Wednesday, March 24, 1999 Published at 15:04 GMT
Prodi for top Euro job
Commission resignation threw the EU into crisis
European leaders meeting in Berlin have nominated the former Italian Prime Minister Romano Prodi as the new president of the European Commission.
Mr Prodi, 59, had emerged as the clear favourite for the top job, with both UK and German backing.
German Chancellor Gerhard Schröder said the EU leaders gathered in Berlin for a two-day summit had made "a forward looking decision".
UK Prime Minister Tony Blair also welcomed the decision and characterised Mr Prodi as an "economic and political reformer".
Mr Prodi's nomination has to be approved by the European Parliament, which it will now have time to do before it breaks up in May for June elections
Member state governments would then, in co-operation with the new president, put forward their nominations for the other 19 commissioner posts which would be approved by the new assembly.
Kosovo tops agenda
The EU leaders begun their crisis summit by assessing the situation in Kosovo.
They are holding crisis talks on Kosovo over lunch and are expected to issue a declaration of support for Nato's position.
Prime Minister Blair is among the most determined to see a firm response to Yugoslav President Slobodan Milosevic.
"With any military action there are risks," Mr Blair said in Berlin. "But the alternative - which is to allow him to carry on the repression, carry on killing people, carrying on displacing the civilian population - is entirely unacceptable."
Tough budget talks
The meeting is due to discuss key issues including the EU's £60bn annual budget and the reform of agriculture and regional subsidies.
Chancellor Schröder, whose country currently holds the rotating six-month presidency of the EU, has insisted that these Agenda 2000 issues - the initiative aimed at securing the financial future of the EU - must be at the top of the agenda for Berlin.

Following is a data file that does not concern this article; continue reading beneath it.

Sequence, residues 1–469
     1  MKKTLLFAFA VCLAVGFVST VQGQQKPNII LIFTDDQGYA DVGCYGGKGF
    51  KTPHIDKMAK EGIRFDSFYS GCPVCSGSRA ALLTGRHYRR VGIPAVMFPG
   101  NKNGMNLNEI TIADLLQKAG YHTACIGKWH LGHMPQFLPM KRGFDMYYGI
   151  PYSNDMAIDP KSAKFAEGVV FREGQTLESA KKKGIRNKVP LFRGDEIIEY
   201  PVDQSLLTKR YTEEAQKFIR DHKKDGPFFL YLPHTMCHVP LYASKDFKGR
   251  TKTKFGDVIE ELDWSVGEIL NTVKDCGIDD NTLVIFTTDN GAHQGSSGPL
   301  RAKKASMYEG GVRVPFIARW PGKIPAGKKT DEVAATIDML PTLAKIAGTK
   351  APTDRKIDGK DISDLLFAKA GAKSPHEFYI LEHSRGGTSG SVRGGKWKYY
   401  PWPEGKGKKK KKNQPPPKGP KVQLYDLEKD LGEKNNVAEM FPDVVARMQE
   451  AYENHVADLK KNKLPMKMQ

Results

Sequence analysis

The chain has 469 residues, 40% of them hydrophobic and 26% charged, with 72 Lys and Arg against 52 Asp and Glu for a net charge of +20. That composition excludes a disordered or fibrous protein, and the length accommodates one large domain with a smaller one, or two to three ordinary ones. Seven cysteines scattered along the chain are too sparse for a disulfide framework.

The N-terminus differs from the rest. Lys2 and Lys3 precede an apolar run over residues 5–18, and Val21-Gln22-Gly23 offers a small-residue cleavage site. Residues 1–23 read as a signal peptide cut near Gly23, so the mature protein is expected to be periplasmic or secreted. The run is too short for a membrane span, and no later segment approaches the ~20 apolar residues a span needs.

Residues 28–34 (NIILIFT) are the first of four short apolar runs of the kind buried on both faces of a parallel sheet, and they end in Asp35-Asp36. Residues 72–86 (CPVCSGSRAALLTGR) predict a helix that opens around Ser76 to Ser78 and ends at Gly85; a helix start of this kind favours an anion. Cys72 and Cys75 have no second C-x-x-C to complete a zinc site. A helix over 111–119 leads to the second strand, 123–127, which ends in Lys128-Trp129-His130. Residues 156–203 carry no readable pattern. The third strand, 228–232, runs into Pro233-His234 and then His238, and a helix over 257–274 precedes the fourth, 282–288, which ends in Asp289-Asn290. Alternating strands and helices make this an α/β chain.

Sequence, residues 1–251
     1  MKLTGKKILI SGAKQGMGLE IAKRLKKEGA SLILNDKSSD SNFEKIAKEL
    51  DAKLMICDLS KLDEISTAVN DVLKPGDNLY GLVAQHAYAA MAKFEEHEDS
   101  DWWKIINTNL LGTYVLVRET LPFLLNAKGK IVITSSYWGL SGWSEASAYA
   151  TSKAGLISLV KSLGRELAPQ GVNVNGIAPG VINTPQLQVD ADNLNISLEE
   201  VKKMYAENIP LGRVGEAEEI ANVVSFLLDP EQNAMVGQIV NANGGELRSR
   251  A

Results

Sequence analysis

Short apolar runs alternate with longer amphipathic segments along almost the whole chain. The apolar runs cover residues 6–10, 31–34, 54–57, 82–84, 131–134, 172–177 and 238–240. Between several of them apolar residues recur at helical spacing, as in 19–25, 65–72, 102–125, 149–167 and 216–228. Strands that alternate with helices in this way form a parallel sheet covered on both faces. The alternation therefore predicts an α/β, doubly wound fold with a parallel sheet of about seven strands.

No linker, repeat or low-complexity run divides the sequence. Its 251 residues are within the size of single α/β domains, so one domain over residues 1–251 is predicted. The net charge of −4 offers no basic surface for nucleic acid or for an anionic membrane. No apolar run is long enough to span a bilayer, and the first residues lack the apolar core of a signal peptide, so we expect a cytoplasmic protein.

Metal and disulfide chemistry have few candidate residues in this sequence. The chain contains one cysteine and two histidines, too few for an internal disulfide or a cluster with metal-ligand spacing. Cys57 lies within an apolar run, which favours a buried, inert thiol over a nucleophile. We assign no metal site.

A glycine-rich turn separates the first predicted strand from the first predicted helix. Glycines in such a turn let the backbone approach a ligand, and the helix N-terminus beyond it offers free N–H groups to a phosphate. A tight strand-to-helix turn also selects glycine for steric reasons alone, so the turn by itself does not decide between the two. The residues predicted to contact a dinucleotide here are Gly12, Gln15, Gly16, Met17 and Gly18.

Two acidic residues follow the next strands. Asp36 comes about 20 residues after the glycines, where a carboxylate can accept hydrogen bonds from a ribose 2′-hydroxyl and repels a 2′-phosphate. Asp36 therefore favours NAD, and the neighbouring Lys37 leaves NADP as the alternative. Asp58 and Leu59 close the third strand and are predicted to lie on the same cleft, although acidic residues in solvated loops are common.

Many of the issues are already agreed, or close to agreement, and Mr Schröder has expressed his confidence that they can be finalised in Berlin.
A deal on the controversial Common Agricultural Policy (CAP) - which could eventually see an end to price support for farmers - was recently hammered out between ministers and is intended to be finalised at the summit.
However there could still be a row between Britain and Germany, on the one hand, and France and smaller countries, on the other, over subsidies to their farmers.
Germany is also eager to finalise details of the EU's budget into the next century which could see spending frozen at around the current level until 2006.
Part of the package is the controversial £2bn British rebate which German Foreign Minister Joschka Fischer recently signalled could be preserved.
The UK prime minister has ruled out any change to the rebate and, without agreement from the other 14 nations, the issue could have escalated into a full-scale row.
But the commission crisis has piled pressure on the leaders to get their act together and hammer out sensible agreements in all these areas.